The city of Boston, MA is known for being many things. It is widely regarded as the academic and intellectual capital of the United States (which, for some, also means the world). It is home to a number of lucrative and successful sports franchises (a fact which its fans never seem to let anyone else forget). It has more history in a few of its city blocks than most of the Midwest does in its entirety. It breeds a thick and pretty universally hated native accent, but only in certain areas. It is across the river from Cambridge, MA, home to Harvard University, the Massachusetts Institute of Technology, Matt Damon, Ben Affleck….even poor old yours truly.
And, like a true East Coast metropolis, it has a spectacular blend of cultures, too. This, along with prime coastal location, makes for a seriously gourmet selection of food. The trouble, it should go without saying, is that it comes at a steep price. Which is the case in more or less any city (particularly on the Coasts), but Boston’s unique brand of classism has left its lesser developed neighborhoods in a state of destitution and disrepair. It’s no secret that obesity and diabetes are more prevalent in low-income neighborhoods, but the severity and aggressive expansion of that prevalence is a well-kept one, especially in the Northeast.
According to the CDC, obesity rates among black and Hispanic adults in Boston (32% and 30%, respectively) are nearly twice that of white adults (a still unsettling 17%). This would be far less concerning were it not for the fact that black and Hispanic adults make up nearly 40% of Boston’s metropolitan population; that is a fact. The areas in question here are Dorchester, Roxbury and Mattapan (a. colloquially k. a. “Murderpan”), the proverbial ghettos of Boston accounting for nearly 200,000 people. If you live in the greater Boston area, these are places you typically do not go (unless you are carrying a gun, or Mark Wahlberg, or both).
The result, then, is an increasingly overweight minority population that is habitually overlooked due to Boston’s reputation for being home exclusively to the wealthy and/or educated majority. Options in the way of food within the confines of these three neighborhoods are few and prodigiously caloric; they consist overwhelmingly of fast food joints, which are themselves so ridiculously abundant and easily accessible that there is virtually no other financially sound option for impoverished residents of Boston. Jackson Renshaw aims to change that.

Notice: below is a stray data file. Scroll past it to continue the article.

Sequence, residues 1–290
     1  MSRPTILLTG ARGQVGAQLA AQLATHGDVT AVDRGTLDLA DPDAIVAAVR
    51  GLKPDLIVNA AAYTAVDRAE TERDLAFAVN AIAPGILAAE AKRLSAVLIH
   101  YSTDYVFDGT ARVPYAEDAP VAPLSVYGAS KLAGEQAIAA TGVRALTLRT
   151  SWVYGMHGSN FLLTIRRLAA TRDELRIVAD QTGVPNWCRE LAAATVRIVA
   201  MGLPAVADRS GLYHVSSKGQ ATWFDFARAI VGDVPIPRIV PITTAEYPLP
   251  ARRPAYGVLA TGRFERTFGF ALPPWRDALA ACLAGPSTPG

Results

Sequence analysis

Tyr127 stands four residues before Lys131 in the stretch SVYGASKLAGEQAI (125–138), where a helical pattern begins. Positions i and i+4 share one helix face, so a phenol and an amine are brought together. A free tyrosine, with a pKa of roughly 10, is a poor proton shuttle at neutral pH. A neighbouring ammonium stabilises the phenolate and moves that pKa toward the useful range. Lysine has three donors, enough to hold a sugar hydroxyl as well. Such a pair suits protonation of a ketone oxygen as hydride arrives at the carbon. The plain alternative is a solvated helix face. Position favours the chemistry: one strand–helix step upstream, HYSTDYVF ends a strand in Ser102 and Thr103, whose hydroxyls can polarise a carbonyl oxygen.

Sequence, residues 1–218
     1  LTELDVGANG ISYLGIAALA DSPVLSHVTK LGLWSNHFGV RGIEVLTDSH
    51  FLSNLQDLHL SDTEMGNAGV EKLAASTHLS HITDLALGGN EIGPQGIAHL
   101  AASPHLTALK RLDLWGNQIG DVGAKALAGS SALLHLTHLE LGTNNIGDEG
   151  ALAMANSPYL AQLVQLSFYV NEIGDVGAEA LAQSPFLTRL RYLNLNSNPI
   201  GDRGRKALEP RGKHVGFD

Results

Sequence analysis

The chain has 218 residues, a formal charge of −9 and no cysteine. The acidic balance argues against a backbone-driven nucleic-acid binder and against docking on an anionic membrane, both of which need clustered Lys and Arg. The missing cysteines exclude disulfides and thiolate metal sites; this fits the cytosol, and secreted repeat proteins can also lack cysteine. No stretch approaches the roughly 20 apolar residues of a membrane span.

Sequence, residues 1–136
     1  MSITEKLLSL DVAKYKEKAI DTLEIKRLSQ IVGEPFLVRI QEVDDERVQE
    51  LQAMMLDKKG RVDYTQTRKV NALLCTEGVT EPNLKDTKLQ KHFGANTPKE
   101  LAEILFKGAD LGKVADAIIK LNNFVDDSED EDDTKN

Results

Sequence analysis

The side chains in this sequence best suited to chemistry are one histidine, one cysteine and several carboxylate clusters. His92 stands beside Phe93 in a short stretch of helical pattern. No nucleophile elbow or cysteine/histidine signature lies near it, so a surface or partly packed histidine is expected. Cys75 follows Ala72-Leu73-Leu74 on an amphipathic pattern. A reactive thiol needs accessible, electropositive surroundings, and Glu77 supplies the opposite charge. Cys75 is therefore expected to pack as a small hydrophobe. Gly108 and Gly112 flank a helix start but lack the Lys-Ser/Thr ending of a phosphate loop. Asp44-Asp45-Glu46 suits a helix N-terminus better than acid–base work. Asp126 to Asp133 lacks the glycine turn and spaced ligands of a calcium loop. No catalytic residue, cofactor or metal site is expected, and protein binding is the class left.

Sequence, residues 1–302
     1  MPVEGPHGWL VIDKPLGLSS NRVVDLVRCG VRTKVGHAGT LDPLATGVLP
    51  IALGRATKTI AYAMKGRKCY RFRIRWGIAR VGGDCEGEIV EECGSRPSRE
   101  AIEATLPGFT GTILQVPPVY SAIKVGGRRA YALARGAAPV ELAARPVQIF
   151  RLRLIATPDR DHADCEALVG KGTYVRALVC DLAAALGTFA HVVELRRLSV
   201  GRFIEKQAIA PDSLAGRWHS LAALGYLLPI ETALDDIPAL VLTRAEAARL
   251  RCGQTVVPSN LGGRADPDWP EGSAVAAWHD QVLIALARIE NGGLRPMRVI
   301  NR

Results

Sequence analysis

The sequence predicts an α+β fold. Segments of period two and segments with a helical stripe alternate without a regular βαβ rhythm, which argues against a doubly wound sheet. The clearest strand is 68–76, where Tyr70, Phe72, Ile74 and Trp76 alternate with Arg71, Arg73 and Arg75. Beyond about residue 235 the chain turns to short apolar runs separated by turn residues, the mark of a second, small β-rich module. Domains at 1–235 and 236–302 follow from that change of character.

His startup project, Fresh Food Generation, is a bold and much needed foray into the social justice arena that uses a rather unconventional tool: namely, a truck. The industry for food trucks is thriving in cities like Austin or Portland, but has yet to really flourish in the Northeast. Fresh Food Generation will serve a menu of globally inspired recipes using fresh, locally grown ingredients. Further, it will only employ young adults from the actual communities being served, many of whom would have little to no chance at any form of gainful vocation in the present economy.
Too, it should be said that Fresh Food Generation’s menu is composed of food that is healthy, and not health food. Let’s face it, if you’ve been living off of Mickey D’s and greasy pizza your whole life, Kashi and bean sprouts aren’t going to sound very appetizing to you — although nor do they to me, if I’m honest. Fresh Food Generation will be a business, and its aim is not to patronize or fulfill some deep-seated white man’s guilt. What it is, as far as I can tell, is to provide a wholesome and affordable alternative to people that have historically been deprived of one. The fact that the employees are to be Dorchester, Roxbury and Mattapan natives should lend credence to this.
Jackson has been a friend of mine since high school, which is really an impressive feat on its own, given that most who knew me in high school were wise enough to rid themselves of my adolescent wrath. That is relevant information, though, because it means that I can vouch for him, wholeheartedly — and that I’m not shamelessly plugging or preaching. It means I can say, in preciously rare good conscience, that his fight for social justice is pro-righteous rather than self-. Most importantly, however, it means that I know him, know what he’s made of, which is what enables me to write about this; because I only write what I know. And what I know is this: that his is a sincerely and auspiciously good cause; one that merits support from all potential backings, and to which I shall happily lend my words.
The goal is $45,000.
The man has accomplished all but five-thousand of this.
The link to his kickstart page is below.